Wyoming Man Sentenced for Role in Healthcare Fraud
On January 27, 2014, in Cheyenne, Wyo., Paul D. Cardwell, of Tipton, Ind., was sentenced to 121 months in prison, three years of supervised release and ordered to pay $1,698,644 in restitution. Cardwell pleaded guilty to conspiracy to commit mail and wire fraud and conspiracy to commit money laundering. Cardwell was arrested in Hua Hin, Thailand. According to court documents, Cardwell was the Chief Executive Officer (CEO) at Powell Valley Healthcare (PVHC), Inc. Beginning about March 2011 and continuing through September 2011, Cardwell and his co-defendant entered into a conspiracy to defraud PVHC of $847,884 through a fraudulent billing scheme.
Georgia Man Sentenced for Filing False Claims
On January 10, 2014, in Augusta, Ga., Jeffrey Sponseller was sentenced to 33 months in prison, three years of supervised release and ordered to pay $441,729 in restitution. Sponseller previously pleaded guilty to one count of false claims. According to court documents, Sponseller was an optometrist and owner of Eye Care One, a medical company which purportedly specialized in comprehensive vision care at nursing home facilities. On July 27, 2009 Sponseller visited a nursing facility and later submitted claims to Medicare for over $30,000 for 177 patients. From January 1, 2008 through February 24, 2011, Sponseller billed Medicare for more than $800,000. Many of these claims were false and fraudulent in that the specific health care services were not provided.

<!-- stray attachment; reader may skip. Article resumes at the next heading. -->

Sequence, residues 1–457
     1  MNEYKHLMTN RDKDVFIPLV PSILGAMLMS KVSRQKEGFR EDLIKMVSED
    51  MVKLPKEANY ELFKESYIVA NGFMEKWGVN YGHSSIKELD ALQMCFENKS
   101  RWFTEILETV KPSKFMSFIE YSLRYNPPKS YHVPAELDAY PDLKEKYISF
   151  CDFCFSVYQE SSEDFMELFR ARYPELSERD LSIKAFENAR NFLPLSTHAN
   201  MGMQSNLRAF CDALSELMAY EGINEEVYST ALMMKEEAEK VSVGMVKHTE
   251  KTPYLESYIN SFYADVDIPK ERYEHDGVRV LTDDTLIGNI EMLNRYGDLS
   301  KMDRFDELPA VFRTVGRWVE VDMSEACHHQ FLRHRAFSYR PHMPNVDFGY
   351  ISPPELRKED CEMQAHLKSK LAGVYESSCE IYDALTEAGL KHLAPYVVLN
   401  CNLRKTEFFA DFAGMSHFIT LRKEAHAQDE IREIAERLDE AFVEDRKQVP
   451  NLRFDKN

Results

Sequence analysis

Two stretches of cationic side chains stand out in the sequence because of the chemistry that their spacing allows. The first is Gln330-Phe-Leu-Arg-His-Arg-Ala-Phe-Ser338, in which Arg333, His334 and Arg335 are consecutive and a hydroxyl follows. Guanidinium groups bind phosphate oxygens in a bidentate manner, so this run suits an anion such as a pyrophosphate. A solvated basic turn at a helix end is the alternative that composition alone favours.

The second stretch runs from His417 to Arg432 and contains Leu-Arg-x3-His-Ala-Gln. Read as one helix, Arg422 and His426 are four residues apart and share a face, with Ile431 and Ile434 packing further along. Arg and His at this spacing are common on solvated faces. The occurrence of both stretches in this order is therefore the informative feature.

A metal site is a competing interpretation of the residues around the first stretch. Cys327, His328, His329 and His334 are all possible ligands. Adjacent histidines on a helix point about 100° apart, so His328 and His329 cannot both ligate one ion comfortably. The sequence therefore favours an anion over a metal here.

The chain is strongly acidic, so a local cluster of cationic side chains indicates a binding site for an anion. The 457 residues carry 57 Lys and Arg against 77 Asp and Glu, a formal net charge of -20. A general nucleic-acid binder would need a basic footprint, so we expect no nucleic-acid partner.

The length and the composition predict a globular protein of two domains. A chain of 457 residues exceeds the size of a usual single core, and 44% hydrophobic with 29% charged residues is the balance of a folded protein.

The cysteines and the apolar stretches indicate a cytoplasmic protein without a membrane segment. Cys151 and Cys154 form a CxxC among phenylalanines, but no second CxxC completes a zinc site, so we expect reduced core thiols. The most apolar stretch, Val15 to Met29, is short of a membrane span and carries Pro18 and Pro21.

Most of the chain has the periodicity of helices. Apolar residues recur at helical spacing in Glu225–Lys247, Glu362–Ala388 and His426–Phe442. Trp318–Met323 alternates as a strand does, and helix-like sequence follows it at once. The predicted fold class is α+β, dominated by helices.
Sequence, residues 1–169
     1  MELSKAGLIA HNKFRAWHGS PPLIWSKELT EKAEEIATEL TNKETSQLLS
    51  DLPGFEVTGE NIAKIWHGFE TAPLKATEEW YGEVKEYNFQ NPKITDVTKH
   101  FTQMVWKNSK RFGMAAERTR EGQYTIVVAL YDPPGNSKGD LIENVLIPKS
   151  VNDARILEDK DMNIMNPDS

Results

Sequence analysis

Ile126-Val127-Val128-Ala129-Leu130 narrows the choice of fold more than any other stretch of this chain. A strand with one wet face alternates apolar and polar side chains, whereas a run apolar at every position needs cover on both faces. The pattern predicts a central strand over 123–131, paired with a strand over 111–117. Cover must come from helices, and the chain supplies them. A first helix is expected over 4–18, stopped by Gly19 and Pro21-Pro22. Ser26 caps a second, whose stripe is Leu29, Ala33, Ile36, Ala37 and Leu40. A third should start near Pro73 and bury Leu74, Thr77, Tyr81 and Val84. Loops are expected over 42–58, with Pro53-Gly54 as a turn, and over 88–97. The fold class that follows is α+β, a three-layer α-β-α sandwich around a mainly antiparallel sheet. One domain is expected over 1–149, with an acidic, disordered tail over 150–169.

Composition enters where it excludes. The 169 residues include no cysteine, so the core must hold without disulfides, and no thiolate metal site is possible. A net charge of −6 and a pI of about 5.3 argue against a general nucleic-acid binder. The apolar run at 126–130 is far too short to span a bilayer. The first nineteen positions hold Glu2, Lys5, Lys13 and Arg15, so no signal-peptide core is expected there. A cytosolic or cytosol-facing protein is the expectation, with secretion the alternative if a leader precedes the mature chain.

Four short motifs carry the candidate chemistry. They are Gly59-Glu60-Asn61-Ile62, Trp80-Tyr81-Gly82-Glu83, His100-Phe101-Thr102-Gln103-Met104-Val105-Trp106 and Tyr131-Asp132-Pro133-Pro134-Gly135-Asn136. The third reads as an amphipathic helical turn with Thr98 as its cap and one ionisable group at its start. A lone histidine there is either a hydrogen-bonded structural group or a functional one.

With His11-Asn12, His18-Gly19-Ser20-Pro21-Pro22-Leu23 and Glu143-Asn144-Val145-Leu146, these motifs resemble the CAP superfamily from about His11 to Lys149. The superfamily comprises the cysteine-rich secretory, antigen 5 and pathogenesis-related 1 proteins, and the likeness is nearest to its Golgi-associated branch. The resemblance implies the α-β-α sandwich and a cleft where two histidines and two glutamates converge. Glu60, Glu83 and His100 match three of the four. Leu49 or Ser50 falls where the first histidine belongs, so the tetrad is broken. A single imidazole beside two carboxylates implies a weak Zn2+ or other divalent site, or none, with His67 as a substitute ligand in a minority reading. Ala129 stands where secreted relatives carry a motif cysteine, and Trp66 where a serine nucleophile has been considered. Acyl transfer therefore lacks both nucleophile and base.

Defendant Sentenced for Structuring Monetary Transactions
On November 21, 2013, in Los Angeles, Calif., Theanna Khou, aka San Huy Khou, was sentenced to 12 months and one day in prison and three years of supervised release. Khou pleaded guilty in August 2013 to structuring monetary transactions to evade reporting requirements. According to court documents, Khou and a co-defendant owned and operated Huntington Pharmacy. Between approximately August 2009 and November 2009, Khou structured approximately $105,826 in cash deposits. The cash was proceeds from the sale of oxycontin that Huntington Pharmacy dispensed without medical necessity based on fraudulent prescription issued by a clinic. In addition, Khou entered into an agreement with others operating Manor Medical Imaging, Inc. to fill large volumes of prescriptions for anti-psychotic medications that were not medically needed. Khou, through Huntington Pharmacy, billed Medicare and Medi-Cal for the service of filling the prescriptions.